Opinion delivered November 29, 1937.
1. SCHOOLS AND SCHOOL DISTRICTS. — Though one of the three directors has moved out of the district, if no successor has been appointed and he assumes to and does act in the employment of a teacher, he is a de facto officer and his acts binding on the district. 2. SCHOOLS AND SCHOOL DISTRICTS — CONTRACTS WITH TEACHERS. — Though one of the three directors had moved out of the district, where all of them, without notice of a meeting, got together to employ a teacher, a contract signed by two of the three of them was valid, since where all participated in the meeting notice was not necessary. 3. SCHOOLS AND SCHOOL DISTRICT — LENGTH OF TERM. — Section 8952, C. M. Dig., was repealed by 167 of act 169 of 1931 which provides "all common schools of this state shall be open and free for at least six months each year." 4. SCHOOLS AND SCHOOL DISTRICTS. — Where, in an action by a teacher against a district to recover on a contract to teach which the directors had refused to permit him to perform, the undisputed facts were that he had earned nothing after his discharge because other districts had employed teachers, there was no question as to the amount he earned or could have earned to submit to the jury, and he was entitled to recover the amount provided for in the contract.
Appeal from Hot Spring Circuit Court; H. B. Means, Judge; affirmed.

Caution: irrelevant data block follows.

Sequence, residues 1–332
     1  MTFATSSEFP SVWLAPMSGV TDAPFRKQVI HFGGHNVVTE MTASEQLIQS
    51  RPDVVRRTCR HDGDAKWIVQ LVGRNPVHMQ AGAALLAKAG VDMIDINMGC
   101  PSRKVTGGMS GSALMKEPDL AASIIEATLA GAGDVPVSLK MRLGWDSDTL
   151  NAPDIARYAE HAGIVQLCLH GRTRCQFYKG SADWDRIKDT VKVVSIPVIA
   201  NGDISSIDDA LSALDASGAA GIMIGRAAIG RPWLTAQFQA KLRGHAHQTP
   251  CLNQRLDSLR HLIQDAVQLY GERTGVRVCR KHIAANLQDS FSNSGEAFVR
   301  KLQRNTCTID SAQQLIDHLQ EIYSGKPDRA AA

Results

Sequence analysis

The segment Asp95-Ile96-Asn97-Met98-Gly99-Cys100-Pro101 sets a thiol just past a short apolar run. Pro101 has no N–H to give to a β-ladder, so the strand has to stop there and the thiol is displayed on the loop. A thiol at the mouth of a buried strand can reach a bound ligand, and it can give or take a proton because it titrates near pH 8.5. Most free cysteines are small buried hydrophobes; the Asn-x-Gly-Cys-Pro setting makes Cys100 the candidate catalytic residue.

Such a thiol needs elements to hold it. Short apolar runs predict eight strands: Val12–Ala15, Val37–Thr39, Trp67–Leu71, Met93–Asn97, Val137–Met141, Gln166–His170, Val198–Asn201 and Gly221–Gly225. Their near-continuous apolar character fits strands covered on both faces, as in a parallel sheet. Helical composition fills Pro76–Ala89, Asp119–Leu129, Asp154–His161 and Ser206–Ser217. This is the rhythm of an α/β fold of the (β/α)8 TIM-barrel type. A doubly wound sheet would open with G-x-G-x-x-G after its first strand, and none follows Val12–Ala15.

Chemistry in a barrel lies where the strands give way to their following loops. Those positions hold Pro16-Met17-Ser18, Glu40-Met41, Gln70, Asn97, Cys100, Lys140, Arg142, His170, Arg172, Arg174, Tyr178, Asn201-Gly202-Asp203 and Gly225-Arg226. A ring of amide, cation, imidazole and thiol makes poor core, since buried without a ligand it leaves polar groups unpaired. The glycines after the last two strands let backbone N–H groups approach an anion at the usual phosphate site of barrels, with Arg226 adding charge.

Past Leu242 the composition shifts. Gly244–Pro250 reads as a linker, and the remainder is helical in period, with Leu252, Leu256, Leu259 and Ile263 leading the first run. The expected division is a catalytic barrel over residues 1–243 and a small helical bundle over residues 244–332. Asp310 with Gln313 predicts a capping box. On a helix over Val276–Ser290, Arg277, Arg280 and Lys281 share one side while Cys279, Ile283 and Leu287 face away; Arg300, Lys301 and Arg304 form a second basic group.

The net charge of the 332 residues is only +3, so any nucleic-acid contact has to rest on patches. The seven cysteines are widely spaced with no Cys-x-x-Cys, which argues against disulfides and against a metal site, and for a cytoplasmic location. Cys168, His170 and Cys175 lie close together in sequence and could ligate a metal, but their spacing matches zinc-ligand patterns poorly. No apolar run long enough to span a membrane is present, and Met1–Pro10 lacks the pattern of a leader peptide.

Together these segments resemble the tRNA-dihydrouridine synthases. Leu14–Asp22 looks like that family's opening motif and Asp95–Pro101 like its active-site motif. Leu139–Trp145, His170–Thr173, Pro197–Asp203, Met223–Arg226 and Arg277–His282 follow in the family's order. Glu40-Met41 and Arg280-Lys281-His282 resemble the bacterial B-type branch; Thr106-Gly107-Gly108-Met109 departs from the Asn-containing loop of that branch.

Glover Glover, for appellants.
Farmer Tackett and Elmer Tackett, for appellee.
Appellee brought this suit against appellant in the circuit court of Hot Spring county to recover $300 on a written contract to teach the school in Center Hill School District No. 32 in said county for a term of six months beginning July 8, 1935, at $50 per month, alleging that although the contract was signed by only two out of the three directors of said district, it was a valid contract; that he appeared at the school house on July 8 for the purpose of entering upon his duties as teacher, but was refused admittance to the school house, and was forbidden to teach the school by the board of directors; that he was unable to get another school, and that on account of the breach of the contract he was damaged in the amount of $300.
Appellants interposed the defense that the contract was invalid, and that appellee was not damaged in any amount.